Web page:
Still Ridin' That Twain

Hal Holbrook has enjoyed the career that all actors dream of having. Since the 1940s, he has worked continuously onstage, in movies and on television. His acting has received numerous honors including Tonys, Obies, and five Emmy awards. His film work stretches from '60s kitsch classics like Wild in the Streets to hugely popular dramas such as The Firm. Onstage you'll find him playing a wide range of characters including King Lear, Shylock and Willy Loman. You might even catch him in such musicals as The Apple Tree or Man of La Mancha. But despite a long-lasting and widely varied career, Holbrook will be forever known as the man who brings to life a true American icon in Mark Twain Tonight!.

The show began taking shape in the early '50s while Holbrook was making his living working on the perfectly titled daytime soap The Brighter Day. At night he would perform early versions of the piece in New York clubs. Over a few months' time, he worked out about two hours of material, which brought him to the attention of theater critics and won him an appearance on Ed Sullivan's Talk of the Town television show. This led to national tours where Holbrook would do his one-man show in major cities and small towns all across the country.

After five years of researching the character and perfecting the format in front of every kind of audience available to him, Holbrook's show was ready for the big time. His return to New York saw him in Broadway theaters instead of Greenwich Village nightclubs. Since then, he has spent part of every year bringing the old man to life on stages around the world.

1999 marks the 45th consecutive year of this remarkable run. It's a unique achievement, especially when you consider that Holbrook has successfully avoided being typecast as an actor while becoming synonymous with a much-loved historical character. Mark Twain Tonight! is also an ever-changing piece of work. Holbrook continues to add material to the show and currently can draw on some 12 hours of stories, thoughts and musings on life. He doesn't work from a set script, instead choosing the program to fit the news of the day and the mood of the audience.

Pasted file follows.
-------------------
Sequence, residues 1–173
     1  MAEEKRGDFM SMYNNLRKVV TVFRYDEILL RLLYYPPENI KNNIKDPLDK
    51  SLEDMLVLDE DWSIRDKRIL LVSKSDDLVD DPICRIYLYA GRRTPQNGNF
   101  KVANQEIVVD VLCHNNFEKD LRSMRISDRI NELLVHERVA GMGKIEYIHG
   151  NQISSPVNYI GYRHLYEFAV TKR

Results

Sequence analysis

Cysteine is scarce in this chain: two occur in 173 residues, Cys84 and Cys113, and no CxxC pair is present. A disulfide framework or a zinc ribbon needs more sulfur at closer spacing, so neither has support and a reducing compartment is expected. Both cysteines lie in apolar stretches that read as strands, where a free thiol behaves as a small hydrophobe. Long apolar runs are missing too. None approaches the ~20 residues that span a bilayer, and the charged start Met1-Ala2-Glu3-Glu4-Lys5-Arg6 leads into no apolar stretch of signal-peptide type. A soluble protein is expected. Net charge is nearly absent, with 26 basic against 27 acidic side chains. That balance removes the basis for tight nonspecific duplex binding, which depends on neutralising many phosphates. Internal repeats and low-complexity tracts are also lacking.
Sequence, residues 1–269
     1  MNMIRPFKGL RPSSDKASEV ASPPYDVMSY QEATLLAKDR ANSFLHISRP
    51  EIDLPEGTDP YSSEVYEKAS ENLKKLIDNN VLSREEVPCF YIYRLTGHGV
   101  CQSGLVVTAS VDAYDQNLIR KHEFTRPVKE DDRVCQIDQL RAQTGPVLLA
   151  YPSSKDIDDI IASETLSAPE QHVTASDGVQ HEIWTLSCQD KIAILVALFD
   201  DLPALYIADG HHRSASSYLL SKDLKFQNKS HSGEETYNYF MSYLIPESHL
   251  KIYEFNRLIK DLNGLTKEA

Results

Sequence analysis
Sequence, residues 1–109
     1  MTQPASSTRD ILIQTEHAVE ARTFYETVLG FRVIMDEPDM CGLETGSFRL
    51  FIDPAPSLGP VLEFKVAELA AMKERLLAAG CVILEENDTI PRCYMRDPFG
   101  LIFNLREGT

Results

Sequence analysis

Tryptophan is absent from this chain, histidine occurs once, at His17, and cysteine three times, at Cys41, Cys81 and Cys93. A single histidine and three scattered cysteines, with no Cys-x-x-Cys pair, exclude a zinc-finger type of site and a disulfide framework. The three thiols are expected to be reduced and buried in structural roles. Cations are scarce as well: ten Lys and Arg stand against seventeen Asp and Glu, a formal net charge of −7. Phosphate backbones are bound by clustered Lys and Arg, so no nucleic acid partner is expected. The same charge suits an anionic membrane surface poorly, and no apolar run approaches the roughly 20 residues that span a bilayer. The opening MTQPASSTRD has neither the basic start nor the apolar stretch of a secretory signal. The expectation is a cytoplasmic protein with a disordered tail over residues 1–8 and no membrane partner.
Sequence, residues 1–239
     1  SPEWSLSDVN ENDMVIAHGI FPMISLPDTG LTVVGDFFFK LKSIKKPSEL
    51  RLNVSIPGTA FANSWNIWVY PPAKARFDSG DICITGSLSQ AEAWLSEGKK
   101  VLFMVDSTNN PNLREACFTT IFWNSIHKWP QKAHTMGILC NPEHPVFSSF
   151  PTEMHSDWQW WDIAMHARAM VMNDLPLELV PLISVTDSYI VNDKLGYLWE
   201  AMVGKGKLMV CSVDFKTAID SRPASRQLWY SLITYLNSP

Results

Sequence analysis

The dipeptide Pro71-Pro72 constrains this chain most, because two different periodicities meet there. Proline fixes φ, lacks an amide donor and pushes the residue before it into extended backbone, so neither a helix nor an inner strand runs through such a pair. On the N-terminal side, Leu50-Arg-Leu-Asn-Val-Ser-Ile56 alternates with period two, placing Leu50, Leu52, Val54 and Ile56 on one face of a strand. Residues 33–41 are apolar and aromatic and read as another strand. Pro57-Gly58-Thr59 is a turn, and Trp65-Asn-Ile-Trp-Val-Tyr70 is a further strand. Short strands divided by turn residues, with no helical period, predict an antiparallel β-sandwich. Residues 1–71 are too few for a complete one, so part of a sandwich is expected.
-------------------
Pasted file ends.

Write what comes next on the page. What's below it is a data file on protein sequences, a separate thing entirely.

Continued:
In a neat bit of timing, Holbrook's show this Saturday at ASU's Gammage Auditorium hits town a few days after the news of a major rediscovery of some articles written by Twain in 1868 while working as a newspaperman in Virginia City, Nevada. The chilling eyewitness account of a public hanging was recently unearthed and published for the first time in some 131 years. Perhaps Holbrook has a few new pieces to learn.

Also on the one-man-show front, hipster performance artist and radio host Josh Kornbluth performs his monologue Red Diaper Baby, about growing up as the child of devoted American Communists, at 8 p.m. Friday, October 15; and 8 p.m. Wednesday, October 20; and The Mathematics of Change, about failing to become a math prodigy at Princeton as he expected, at 8 p.m. Saturday, October 16; and at 8 p.m. Thursday, October 21, at Scottsdale Center for the Arts.

And like Holbrook, Kornbluth has a monologue that explores the life of a great American: At 8 p.m. Friday, October 22, Kornbluth performs his newest piece, Ben Franklin Unplugged.

Hal Holbrook is scheduled to perform Mark Twain Tonight! at 8 p.m. Saturday, October 16, at Gammage Auditorium, Mill and Apache in Tempe. Tickets range from $9 to $37. For details call 480-965-3434 (Gammage) or 480-503-5555 (Dillard's).

Josh Kornbluth is scheduled to perform on Friday, October 15; Saturday, October 16; Wednesday, October 20; Thursday, October 21; and Friday, October 22, at Scottsdale Center for the Arts, 7380 East Second Street. Tickets are $15 and $20. For details call 480-994-2787 (SCA) or 480-784-4444 (Ticketmaster).

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David Gofstein